“I still think money, the budget issues,” said state Sen. John Douglas, R-Social Circle, about the 2010 priorities. “Transportation, education and now I think ethics will be an issue for us as well.”
He said the state does not have as much money as it did last year, so dealing with the budget will be difficult.
Douglas then shifted the discussion to transportation.
“I think you’ll find, though, that the House and Senate are going to get along better, to work together better, with the new leadership in the House,” he said.
This will be a definite improvement in the transportation field, where disagreements between the House and Senate have stalled the creation of a new funding mechanism.
Douglas said he supports a regional approach rather than a statewide sales tax, which he said would be an unnecessary burden on residents.
In addition to education, Douglas said the recent ethical problems at the Capitol will need to be addressed in some way, so that the legislators meet expected ethical standards.
“The budget, number one, definitely,” said state. Rep. John Yates, R-Griffin. “It’s the only thing by law we must pass before we go home.”
He said transportation is another priority. Under the current state Constitution, fuel- and tire-tax monies must be used only on roads and bridges, a provision some seek to change as it becomes more impractical to build more roads in dense areas like Atlanta.
The proposed transportation Special Purpose Local Option Sales Tax will also be a big issue. The measure — a constitutional amendment — did not pass in previous years due to disagreement between the House, which largely supported a statewide approach, and the Senate, which wanted a regional approach.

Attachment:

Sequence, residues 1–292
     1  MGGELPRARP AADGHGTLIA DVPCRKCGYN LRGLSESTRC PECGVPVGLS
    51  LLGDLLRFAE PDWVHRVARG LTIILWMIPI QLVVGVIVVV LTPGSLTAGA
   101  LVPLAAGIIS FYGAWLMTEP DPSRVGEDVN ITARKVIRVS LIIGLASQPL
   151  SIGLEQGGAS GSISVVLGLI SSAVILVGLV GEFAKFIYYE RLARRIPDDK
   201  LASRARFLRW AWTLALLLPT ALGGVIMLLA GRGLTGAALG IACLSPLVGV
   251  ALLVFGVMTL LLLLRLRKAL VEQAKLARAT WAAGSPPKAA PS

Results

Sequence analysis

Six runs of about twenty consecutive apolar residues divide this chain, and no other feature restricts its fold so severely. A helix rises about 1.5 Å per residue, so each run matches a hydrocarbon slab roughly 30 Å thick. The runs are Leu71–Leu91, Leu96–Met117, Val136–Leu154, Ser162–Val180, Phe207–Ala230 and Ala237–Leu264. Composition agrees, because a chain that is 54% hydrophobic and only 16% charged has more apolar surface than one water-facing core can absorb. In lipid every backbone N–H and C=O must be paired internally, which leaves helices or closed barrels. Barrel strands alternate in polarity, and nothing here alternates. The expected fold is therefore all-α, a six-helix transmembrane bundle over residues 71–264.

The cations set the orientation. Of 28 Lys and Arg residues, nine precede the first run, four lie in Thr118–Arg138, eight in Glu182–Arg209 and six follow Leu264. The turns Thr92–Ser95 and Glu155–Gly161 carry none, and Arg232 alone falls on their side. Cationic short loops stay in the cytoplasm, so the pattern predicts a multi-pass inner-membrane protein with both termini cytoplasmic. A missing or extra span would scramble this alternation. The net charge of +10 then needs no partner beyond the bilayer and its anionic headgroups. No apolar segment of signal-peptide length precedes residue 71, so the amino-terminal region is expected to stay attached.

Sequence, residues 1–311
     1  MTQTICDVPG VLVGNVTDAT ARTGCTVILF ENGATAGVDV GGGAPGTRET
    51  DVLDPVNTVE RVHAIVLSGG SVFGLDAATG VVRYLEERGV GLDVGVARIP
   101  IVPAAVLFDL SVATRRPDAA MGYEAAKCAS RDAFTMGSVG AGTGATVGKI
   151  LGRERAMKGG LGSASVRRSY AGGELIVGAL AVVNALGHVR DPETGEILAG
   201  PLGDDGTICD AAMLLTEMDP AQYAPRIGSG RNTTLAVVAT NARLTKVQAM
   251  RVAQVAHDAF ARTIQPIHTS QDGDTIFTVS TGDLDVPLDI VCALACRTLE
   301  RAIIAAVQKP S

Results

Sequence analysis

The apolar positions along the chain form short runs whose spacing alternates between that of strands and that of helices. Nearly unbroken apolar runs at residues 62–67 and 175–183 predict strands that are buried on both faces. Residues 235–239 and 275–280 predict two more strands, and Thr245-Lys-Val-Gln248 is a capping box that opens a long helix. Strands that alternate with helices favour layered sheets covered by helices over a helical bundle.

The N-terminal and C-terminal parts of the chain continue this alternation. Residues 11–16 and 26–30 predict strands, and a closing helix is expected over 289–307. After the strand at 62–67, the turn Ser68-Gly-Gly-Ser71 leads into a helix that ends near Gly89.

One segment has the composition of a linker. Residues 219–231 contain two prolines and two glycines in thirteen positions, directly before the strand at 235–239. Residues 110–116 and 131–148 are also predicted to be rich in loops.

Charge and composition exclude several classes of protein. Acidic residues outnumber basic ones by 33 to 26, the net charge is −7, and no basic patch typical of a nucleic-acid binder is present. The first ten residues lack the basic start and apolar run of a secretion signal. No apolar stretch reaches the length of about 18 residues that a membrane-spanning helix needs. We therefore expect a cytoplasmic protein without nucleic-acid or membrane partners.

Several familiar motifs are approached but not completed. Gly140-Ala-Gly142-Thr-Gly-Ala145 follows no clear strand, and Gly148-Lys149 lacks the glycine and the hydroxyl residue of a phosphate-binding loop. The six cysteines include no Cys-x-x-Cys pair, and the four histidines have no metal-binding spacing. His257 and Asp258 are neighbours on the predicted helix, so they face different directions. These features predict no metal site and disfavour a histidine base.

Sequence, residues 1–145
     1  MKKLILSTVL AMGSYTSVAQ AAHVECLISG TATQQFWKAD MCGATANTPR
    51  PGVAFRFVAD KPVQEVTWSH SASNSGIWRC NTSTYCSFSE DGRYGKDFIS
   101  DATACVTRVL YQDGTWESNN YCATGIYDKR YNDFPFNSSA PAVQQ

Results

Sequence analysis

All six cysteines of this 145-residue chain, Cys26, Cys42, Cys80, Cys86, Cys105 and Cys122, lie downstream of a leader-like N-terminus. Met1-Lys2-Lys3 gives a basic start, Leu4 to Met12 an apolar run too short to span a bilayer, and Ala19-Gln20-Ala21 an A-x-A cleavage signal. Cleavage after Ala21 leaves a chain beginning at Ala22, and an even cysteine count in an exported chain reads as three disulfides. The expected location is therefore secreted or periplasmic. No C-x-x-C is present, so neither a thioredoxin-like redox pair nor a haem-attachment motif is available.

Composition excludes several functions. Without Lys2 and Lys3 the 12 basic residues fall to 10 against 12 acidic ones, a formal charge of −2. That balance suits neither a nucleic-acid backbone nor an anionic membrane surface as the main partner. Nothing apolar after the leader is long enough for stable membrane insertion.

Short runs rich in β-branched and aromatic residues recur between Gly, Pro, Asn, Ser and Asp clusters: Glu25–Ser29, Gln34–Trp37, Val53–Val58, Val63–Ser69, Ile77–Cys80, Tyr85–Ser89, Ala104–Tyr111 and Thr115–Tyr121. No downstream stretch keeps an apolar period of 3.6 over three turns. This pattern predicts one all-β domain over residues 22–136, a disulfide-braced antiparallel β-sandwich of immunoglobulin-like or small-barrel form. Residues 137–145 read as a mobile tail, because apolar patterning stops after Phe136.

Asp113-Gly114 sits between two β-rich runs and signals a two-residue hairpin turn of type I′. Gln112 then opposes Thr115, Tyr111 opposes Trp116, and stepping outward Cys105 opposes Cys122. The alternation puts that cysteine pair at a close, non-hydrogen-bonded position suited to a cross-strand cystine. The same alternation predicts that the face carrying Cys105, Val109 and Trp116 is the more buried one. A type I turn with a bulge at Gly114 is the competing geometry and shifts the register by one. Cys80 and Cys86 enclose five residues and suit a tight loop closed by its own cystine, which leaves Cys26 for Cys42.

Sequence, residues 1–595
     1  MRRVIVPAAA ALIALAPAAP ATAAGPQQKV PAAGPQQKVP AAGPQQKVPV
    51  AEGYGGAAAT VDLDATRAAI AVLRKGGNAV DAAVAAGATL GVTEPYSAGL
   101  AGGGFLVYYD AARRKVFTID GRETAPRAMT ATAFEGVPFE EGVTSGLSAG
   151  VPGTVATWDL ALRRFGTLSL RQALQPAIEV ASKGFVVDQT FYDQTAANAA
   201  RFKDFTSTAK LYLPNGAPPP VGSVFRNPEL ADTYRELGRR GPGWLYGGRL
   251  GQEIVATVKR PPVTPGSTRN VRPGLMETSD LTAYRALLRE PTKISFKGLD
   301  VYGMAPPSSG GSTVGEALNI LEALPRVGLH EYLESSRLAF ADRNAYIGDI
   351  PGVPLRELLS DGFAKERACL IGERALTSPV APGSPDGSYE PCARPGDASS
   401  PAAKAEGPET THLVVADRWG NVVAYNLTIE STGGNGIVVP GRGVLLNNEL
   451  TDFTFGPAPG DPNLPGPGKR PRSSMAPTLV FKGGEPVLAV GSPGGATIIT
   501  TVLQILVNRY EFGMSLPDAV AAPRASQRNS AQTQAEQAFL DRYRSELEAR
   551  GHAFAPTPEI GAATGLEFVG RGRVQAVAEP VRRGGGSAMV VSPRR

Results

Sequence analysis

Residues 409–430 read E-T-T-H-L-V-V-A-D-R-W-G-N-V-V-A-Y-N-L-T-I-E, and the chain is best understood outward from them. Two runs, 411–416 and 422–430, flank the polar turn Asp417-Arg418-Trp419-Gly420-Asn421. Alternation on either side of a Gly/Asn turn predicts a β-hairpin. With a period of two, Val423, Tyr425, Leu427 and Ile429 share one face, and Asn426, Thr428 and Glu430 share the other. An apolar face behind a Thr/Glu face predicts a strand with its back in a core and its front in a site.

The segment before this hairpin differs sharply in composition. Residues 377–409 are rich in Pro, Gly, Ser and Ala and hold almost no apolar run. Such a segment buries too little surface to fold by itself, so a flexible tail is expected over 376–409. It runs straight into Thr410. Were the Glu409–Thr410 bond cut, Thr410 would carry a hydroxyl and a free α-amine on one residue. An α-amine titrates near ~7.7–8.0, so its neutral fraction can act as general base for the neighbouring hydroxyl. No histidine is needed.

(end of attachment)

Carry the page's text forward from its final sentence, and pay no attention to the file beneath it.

“I would be for either one,” he said.
Another issue is water. He criticized the federal court for denying Georgia drinking water from Lake Lanier.
“How could you let millions of people starve to death, go without water?” he asked.
He said the General Assembly could vote to establish additional reservoirs in North Georgia, although the exact relationship with the Army Corps of Engineers needs to be worked out. He said current law does not permit transfers from river basins, something he supports changing.
Yates also expressed his concern about the federal health-care reform, which he said would deprive states of billions in Medicare and Medicaid monies. The states would have to make up the loss, impacting funding elsewhere.
“The largest priority that we’ll face will again be the budget,” said state Rep. David Knight, R-Griffin.
He said revenues through November are down 15 to 16 percent from 2008. Less revenue means more cuts.
“We will get through it,” he said. “We will get through it without raising taxes. Georgia will live within its means.”
He said getting a funding mechanism to pay for transportation improvements will be an issue this year, as will dealing with the stat water situation.
As of press time, state Sen. Ronnie Chance, R-Tyrone, could not be reached for comment.